Obama: U.S. Is Not At War With Islam

In a speech to the Turkish Parliament, President Obama reassured the Muslim nation that Turkey is a critical ally. He said the United States "is not and will never be at war with Islam." Obama was in the Turkish capital Ankara. His next stop is Istanbul.

Copyright © 2009 NPR. For personal, noncommercial use only. See Terms of Use. For other uses, prior permission required.

RENEE MONTAGNE, host:

This is MORNING EDITION from NPR News. I'm Renee Montagne.

ARI SHAPIRO, host:

And I'm Ari Shapiro.

President Obama is in Ankara, the capital of Turkey. It's the final country he'll visit on a weeklong overseas trip that wraps up tomorrow. The president addressed the Turkish parliament this morning, praising the country's long commitment to democracy.

President BARACK OBAMA: Some people have asked me if I chose to continue my travels to Ankara and Istanbul to send a message to the world. And my answer is simple: Evet. Yes.

(Soundbite of applause)

Pres. OBAMA: Turkey is a critical ally.

SHAPIRO: Mr. Obama arrived in Turkey last night after stops in Britain, France, Germany and the Czech Republic. NPR's Don Gonyea is traveling with the president, and he joins us now from Ankara. Good morning, Don.

DON GONYEA: Hi, Ari.

SHAPIRO: So when the president talks about the U.S. and Turkey working together, what, specifically, is he referring to?

GONYEA: Well, remember, Turkey is a Muslim nation - 99 percent Muslim, in fact. And it is a member of the NATO alliance. It is, as the president said, a strong ally of the U.S. And today, he said even though there have been differences over the Iraq war and some other areas, he really praised Turkey for being a strong, secular democracy. And with really pressing issues, such as the situations in Afghanistan and in Pakistan on the table, he sees Turkey, a Muslim country, as being a possible and critical go-between of sorts. He talked about that today, offering some reassurance. Give a listen.

Pres. OBAMA: I know that the trust that binds the United States and Turkey has been strained. And I know that strain is shared in many places where the Muslim faith is practiced. So let me say this as clearly as I can: The United States is not, and will never be, at war with Islam.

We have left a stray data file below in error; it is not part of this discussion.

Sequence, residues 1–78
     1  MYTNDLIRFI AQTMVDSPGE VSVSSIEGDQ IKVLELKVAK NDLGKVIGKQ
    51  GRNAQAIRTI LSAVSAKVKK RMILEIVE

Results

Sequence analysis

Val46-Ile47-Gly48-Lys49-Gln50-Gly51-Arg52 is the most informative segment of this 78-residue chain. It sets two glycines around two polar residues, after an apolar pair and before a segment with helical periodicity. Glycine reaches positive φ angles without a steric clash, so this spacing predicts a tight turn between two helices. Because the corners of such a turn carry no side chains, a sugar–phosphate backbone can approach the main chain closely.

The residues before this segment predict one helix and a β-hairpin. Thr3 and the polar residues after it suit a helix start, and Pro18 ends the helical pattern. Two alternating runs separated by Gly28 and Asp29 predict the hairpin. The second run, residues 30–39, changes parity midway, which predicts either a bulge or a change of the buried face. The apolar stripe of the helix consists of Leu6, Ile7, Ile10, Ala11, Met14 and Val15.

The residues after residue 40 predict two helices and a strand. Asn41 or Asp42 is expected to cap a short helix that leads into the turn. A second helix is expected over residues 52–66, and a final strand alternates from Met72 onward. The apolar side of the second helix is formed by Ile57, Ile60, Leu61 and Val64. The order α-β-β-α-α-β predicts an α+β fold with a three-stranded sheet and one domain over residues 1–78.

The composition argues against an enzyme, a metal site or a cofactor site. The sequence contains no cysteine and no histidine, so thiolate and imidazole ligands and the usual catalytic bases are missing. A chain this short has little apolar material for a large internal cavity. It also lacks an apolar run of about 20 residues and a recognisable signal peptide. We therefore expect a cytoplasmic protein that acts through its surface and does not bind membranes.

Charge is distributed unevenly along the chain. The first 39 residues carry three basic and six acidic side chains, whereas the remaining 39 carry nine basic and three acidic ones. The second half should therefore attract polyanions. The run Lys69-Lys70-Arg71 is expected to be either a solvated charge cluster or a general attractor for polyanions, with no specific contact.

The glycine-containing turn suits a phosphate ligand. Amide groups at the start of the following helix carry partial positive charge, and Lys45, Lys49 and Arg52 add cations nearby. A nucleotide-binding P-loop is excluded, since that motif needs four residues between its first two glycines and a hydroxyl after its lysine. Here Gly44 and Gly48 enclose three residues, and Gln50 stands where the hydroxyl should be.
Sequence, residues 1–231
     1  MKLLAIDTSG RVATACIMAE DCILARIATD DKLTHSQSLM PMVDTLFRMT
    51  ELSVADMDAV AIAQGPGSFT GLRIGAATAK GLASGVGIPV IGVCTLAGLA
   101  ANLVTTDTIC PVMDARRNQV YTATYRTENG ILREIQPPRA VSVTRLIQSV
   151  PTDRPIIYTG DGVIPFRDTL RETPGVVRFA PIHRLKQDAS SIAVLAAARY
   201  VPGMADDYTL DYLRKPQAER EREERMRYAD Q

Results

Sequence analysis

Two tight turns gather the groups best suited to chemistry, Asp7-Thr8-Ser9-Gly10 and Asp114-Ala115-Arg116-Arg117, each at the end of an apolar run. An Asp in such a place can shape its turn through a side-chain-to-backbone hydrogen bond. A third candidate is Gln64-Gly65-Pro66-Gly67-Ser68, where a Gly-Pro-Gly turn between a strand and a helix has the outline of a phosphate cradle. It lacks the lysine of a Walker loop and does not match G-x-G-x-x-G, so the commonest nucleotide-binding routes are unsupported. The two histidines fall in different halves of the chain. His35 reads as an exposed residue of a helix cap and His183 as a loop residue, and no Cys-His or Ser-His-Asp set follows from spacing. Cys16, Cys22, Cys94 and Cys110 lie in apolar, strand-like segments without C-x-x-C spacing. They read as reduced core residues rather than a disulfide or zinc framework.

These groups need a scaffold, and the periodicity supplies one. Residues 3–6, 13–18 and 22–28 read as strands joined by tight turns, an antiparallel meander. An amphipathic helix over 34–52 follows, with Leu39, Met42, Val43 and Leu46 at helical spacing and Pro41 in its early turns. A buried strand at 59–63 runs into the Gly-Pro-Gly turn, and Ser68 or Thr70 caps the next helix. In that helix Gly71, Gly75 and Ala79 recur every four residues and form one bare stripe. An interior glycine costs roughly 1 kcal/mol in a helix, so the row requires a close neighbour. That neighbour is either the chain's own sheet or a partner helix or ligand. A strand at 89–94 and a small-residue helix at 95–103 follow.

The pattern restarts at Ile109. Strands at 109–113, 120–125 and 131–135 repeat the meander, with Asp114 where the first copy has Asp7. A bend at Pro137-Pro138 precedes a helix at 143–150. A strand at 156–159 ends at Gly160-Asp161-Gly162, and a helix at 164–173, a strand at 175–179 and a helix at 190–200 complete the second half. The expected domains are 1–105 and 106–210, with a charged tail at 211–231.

GONYEA: So you can hear, that is something that an American president - this American president has to say, just because of the controversy still in the Muslim world and places like Turkey over the Iraq war.

SHAPIRO: And President Obama also raised a delicate subject during this speech. He brought up the mass killings of Armenians by Ottoman Turks early in the 20th century. Many people refer to this as genocide. Turkey rejects that term. Tell us what Mr. Obama said.

GONYEA: Well, he said it's important for Turkey and Armenia to talk about this, to work this out, that his view shouldn't be imposed on the issue. Now, his views happen to be well-known here in Turkey even though he did not express them today. When he was a candidate, on his campaign Web site just over a year ago, this statement, attributed to him said, quote, the Armenian genocide is not an allegation, a personal opinion or a point of view, but rather a widely documented fact supported by an overwhelming body of evidence.

He did not use the genocide word in his speech today. He also talked to America's own dark history, he said, involving slavery. And he said human endeavor is not perfect. Give a listen to the president on this topic.

Pres. OBAMA: I know there are strong views in this chamber about the terrible events of 1915. And while there's been a good deal of commentary about my views, it's really about how the Turkish and Armenian people deal with the past. And the best way forward for the Turkish and Armenian people is a process that works through the past in a way that is honest, open and constructive.

SHAPIRO: And on the next and final stop on this trip is going to be Istanbul. Tell me what's on the agenda there.

GONYEA: Right. We'll fly there tonight. And it is just one day there, actually less than 24 hours there. He will visit some important landmarks, the Blue Mosque. He will have a roundtable with some university students, and he will meet with religious leaders. Again, many of these same topics will come up there. And again, it is part of the symbolism of his coming to this country that he talked about at the top of the speech to the parliament in Ankara today.

SHAPIRO: That's NPR's Don Gonyea in Ankara, Turkey. Thanks, Don, and safe travels.

GONYEA: All right. My pleasure.

Copyright © 2009 NPR. All rights reserved. No quotes from the materials contained herein may be used in any media without attribution to NPR. This transcript is provided for personal, noncommercial use only, pursuant to our Terms of Use. Any other use requires NPR's prior permission. Visit our permissions page for further information.

NPR transcripts are created on a rush deadline by a contractor for NPR, and accuracy and availability may vary. This text may not be in its final form and may be updated or revised in the future. Please be aware that the authoritative record of NPR's programming is the audio.

Comments

 

Please keep your community civil. All comments must follow the NPR.org Community rules and terms of use, and will be moderated prior to posting. NPR reserves the right to use the comments we receive, in whole or in part, and to use the commenter's name and location, in any medium. See also the Terms of Use, Privacy Policy and Community FAQ.